I know I usually sound like a free market fundamentalist, but that’s usually because I’m arguing with positions that don’t understand the principles and advantages of the free market, which are very real, but the free market is not something that will produce an optimal result. It’s like biological evolution – it can produce many things, but it’s limited to iterating within the constraints of natural selection. It will not produce anything near what an intelligent consciousness can produce, in terms of technology. For instance, biology can’t use nuclear energy for power, enter orbit, or make a rotating joint necessary for making motors, wheels or propellers. If free market is a good approximation of biological evolution, strategic central planning is human consciousness applied to a problem, and it’s capable of both fucking up immensely because it doesn’t have the punishing feedback of free market economy, and also of anticipating and solving problems far ahead into the future, which the free market can’t do. For instance, from the position of free market it’s profitable to keep people hooked on some drug and leech them for money. That’s why dealing drugs is such a profitable business model. It’s only because of the state’s central planning that it is decided that it is a very bad thing for the population to be hooked on drugs, and the laws are introduced to prohibit the practice, regardless of the short-term profitability. An example of what happens when entire countries are hooked on drugs is the opium crisis of China and the problem Russia traditionally has with alcohol. But of course, from the free market perspective, selling drugs is profitable as fuck.

And let’s not kid ourselves – the Western market is also controlled and regulated. It’s profitable to just dump toxic waste somewhere, so there’s a law against that, that performs the function of central control and planning. It’s profitable to deceive people and steal their money, so there are laws that punish such behaviour, because someone decided it’s better for the society as a whole. It’s profitable to create a monopoly or a cartel and exploit everybody, so there are laws that punish that, because this isn’t beneficial for the society as a whole. So it’s just a matter of degree and method, not of principle.

Financial events

You must be wondering about the fact that the price of gold is falling and the American stock market is behaving strangely. Apparently, bitcoin and stock market are in a boom, and the metals are “worthless”, contrary to my predictions.

To that, all I’m going to say is that we have descended below the event horizon of the collapse of the world’s financial system. At this point and until the end, we are in the domain of chaos, panic, greed, ignorance and madness. Buy precious metals if you can. Earn as much money as you can while it’s still possible. Buy essential things. Avoid buying non-essential things. Avoid whatever the masses are doing. We are in the domain of evil and madness, enveloped by the fogs of war. Trust only in the plans that you made before, and don’t change course now, as Von Clausewitz would advise.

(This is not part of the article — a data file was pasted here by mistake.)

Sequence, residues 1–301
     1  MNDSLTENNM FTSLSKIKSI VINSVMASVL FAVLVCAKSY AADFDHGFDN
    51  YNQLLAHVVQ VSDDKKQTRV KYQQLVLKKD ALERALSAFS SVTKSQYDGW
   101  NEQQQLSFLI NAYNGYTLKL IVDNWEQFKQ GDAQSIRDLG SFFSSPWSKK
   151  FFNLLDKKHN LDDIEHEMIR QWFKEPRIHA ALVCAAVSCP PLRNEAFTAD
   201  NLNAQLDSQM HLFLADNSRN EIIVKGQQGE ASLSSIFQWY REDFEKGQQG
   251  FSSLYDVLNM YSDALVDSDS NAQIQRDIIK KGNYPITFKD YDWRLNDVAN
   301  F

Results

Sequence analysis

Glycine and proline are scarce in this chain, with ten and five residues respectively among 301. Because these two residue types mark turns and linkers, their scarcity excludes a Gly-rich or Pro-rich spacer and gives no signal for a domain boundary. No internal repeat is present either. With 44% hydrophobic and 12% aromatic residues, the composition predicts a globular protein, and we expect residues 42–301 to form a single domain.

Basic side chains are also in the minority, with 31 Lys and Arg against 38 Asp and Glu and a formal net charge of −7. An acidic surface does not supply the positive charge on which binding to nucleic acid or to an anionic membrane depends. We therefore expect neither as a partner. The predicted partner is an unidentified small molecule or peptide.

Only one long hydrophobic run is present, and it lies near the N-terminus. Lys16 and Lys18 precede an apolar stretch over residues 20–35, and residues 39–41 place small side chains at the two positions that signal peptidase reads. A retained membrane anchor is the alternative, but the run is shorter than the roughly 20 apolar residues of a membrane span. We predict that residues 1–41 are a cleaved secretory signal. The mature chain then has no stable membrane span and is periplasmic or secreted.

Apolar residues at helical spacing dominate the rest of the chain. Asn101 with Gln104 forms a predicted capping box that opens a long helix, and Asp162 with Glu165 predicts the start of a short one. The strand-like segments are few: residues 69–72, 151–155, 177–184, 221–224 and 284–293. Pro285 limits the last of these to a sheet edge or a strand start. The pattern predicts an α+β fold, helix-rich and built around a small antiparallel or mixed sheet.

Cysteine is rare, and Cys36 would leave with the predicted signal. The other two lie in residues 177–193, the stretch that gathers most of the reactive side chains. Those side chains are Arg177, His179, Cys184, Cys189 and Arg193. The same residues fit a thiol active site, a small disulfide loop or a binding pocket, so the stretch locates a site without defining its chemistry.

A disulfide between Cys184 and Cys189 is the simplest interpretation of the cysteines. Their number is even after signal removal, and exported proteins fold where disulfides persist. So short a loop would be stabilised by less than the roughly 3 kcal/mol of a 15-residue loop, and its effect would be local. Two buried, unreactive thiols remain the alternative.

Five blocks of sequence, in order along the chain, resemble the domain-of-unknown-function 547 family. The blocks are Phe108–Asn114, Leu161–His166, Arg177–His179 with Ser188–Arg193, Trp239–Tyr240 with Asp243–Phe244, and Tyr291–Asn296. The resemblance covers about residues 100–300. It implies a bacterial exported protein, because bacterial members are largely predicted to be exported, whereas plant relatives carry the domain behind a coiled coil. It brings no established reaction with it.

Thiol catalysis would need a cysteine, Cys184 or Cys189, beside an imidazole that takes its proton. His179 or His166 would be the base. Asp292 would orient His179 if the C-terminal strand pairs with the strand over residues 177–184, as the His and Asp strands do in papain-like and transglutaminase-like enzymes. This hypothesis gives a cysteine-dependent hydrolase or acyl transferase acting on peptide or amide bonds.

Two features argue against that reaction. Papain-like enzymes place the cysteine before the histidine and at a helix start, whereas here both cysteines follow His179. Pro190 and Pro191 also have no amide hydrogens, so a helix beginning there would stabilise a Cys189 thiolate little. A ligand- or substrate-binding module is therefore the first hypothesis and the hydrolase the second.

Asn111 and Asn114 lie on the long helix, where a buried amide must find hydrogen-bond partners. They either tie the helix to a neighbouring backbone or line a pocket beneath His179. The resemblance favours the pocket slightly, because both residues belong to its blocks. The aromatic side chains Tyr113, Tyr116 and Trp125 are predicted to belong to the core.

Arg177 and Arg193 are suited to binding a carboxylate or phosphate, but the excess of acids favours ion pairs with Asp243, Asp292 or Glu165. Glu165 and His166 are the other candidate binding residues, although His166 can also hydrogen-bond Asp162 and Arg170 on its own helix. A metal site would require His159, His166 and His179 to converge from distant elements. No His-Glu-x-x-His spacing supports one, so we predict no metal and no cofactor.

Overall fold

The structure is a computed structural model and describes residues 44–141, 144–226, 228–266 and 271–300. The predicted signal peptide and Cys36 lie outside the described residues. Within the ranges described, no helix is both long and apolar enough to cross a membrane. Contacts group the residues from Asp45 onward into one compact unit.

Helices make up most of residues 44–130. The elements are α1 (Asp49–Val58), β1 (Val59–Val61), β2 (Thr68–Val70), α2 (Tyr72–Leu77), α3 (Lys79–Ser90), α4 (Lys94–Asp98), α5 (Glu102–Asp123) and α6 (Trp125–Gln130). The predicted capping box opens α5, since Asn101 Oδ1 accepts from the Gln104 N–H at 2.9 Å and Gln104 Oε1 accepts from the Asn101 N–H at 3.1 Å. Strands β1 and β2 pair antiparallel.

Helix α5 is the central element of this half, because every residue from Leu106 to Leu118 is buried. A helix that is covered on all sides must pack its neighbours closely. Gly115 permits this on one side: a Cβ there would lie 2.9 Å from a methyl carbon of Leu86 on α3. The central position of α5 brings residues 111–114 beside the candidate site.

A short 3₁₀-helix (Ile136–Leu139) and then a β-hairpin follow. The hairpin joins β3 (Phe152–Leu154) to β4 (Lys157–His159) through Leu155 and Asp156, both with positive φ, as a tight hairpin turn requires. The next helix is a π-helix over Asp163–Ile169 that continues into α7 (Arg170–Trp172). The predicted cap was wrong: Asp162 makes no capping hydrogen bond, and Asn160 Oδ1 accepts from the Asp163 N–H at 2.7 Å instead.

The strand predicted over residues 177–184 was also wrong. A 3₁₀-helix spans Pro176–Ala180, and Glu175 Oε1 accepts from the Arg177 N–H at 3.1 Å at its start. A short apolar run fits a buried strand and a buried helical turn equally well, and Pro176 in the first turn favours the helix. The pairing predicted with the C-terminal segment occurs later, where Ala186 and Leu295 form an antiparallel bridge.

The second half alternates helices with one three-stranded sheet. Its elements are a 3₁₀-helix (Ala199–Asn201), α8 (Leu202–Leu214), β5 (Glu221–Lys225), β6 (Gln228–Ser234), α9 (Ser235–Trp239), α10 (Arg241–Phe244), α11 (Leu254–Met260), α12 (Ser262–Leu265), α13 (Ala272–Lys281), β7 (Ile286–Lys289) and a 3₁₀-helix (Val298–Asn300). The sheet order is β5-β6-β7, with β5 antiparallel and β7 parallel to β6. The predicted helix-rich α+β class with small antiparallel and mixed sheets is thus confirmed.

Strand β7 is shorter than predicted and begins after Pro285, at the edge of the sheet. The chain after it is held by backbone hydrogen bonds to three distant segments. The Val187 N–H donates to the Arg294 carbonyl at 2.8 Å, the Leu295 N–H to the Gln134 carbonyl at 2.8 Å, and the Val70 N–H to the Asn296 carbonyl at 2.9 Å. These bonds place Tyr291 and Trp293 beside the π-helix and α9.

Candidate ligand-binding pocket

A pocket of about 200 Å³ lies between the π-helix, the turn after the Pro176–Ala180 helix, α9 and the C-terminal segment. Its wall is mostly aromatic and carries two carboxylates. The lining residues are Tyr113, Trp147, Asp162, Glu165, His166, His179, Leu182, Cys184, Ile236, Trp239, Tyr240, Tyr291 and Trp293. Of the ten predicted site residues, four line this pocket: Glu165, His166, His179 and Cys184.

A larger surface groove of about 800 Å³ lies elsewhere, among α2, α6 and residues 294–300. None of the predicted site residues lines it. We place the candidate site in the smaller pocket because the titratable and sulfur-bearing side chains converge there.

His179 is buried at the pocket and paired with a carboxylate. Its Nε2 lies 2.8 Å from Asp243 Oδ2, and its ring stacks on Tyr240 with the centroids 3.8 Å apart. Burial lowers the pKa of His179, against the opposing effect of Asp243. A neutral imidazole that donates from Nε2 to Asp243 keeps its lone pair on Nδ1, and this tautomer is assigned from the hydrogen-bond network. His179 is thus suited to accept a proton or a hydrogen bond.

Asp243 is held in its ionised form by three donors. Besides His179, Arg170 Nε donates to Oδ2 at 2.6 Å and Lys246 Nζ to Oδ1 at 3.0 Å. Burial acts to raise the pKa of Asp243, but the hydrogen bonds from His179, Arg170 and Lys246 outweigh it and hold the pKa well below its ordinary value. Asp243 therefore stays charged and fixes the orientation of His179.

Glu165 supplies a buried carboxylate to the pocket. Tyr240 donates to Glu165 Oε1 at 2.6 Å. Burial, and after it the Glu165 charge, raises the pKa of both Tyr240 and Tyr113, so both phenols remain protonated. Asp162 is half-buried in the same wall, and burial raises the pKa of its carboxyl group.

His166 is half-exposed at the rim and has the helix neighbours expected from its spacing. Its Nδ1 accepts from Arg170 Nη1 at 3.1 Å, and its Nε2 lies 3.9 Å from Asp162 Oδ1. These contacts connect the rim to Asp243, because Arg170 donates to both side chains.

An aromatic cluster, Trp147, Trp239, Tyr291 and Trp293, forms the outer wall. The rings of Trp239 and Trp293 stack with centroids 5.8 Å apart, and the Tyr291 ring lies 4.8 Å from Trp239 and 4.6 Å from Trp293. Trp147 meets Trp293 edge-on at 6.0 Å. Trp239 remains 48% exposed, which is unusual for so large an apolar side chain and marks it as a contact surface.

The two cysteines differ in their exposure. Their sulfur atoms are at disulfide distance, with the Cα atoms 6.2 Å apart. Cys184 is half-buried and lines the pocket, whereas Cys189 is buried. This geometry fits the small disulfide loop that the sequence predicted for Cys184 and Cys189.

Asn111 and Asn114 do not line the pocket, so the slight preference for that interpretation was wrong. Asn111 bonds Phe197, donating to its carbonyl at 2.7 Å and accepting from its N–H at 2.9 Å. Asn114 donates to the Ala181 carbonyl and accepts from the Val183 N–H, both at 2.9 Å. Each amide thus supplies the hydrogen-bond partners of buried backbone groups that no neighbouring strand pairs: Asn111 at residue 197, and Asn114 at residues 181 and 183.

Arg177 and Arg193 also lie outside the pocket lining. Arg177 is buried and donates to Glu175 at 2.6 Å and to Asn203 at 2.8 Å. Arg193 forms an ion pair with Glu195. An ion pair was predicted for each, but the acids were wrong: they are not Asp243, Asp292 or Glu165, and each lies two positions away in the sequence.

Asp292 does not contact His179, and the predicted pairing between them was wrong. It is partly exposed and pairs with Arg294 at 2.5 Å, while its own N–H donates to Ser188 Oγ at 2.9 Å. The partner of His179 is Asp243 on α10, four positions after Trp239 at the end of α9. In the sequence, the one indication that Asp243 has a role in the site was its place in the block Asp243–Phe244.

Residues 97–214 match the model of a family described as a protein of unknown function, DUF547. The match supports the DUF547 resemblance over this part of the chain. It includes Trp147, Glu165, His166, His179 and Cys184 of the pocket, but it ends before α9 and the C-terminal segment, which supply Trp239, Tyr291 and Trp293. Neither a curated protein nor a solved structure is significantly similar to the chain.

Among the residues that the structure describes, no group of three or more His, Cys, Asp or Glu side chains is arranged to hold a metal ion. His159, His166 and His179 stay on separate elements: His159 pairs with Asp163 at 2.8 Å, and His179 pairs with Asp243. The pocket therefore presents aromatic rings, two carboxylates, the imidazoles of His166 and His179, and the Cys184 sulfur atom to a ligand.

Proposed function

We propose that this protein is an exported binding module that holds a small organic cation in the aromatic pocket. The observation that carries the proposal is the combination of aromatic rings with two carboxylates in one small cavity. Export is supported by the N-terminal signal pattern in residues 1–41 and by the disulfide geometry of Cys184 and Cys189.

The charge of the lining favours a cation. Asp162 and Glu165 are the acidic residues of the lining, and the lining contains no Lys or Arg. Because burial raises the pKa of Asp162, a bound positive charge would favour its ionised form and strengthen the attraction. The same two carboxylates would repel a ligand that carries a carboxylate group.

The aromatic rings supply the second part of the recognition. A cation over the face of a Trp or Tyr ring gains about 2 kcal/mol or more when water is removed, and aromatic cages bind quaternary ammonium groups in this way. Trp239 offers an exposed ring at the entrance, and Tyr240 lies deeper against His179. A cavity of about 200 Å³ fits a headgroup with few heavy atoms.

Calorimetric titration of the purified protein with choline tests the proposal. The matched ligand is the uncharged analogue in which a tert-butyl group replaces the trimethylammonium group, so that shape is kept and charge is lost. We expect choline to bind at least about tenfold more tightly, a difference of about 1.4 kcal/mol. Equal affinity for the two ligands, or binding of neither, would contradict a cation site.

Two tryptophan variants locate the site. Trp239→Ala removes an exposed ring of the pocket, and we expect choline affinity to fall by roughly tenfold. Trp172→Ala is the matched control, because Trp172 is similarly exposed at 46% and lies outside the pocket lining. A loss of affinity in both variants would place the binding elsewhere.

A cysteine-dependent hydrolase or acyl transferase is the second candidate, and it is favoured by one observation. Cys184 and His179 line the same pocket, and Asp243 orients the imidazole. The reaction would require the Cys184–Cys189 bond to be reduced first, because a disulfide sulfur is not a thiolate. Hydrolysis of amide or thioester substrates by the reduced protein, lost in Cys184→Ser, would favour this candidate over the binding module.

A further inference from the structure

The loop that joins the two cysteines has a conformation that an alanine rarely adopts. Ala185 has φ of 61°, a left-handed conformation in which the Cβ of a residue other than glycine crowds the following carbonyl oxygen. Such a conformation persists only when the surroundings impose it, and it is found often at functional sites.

Free market and value

I’ve been thinking more about the weird aspects of the free market economy and the concept of valuation in general.

There are two basic ideas about value; first is that everything has some sort of “intrinsic value” and the point of free market is to discover it. The second idea is that there is no intrinsic value, that things are dynamically valued according to utility and scarcity and the market value is the only value there is.

I had a problem with this, you see. The concept that there is no objective value is contrary to my belief system, where certain things are valuable as such, not just because someone put a market price on them. I’m not talking about gold or bitcoin, I’m talking about more fundamental principles, such as virtue or spirituality. Some things can be infinitely valuable even if there isn’t a market value. So, basically, I am opposed to the free market fundamentalist idea that there is no value outside the market. However, I don’t think there is an inherent value to anything material, outside human needs, utility, desire and fear, which create a balance of desirability and scarcity, eventually resulting in market valuation. For instance, water and air are extremely desirable, but if they are not scarce, their market valuation is low. However, if they for some reason become scarce, their market valuation could climb to extremes. Also, some things can be extremely rare, but if they have no utility and nobody needs them for anything, their market valuation can be extremely low, so scarcity is no guarantee of value either. An example are exotic elements found in piles of radioactive waste – all quite rare, but nobody so far found any use for them, and as a rule you have to pay people to take them, not the other way around.

And then it dawned to me: market doesn’t discover the value of things. It reveals a quantified representation of human needs, desires, greed and fear. Market is a mirror in which humanity sees itself through value it puts on things. If probabilistic statistics quantifies human ignorance, marketplace quantifies human values: shelter, food, energy, hygiene and cosmetics, greed, status symbols, sex, guilt, fear. Basically, if Ponzi schemes are popular, what does that reveal? It reveals that people are greedy and stupid, not that the schemes themselves are actually useful, valuable or scarce. They stop being popular only when enough people lose enough money that it becomes common knowledge that they are the opposite of useful.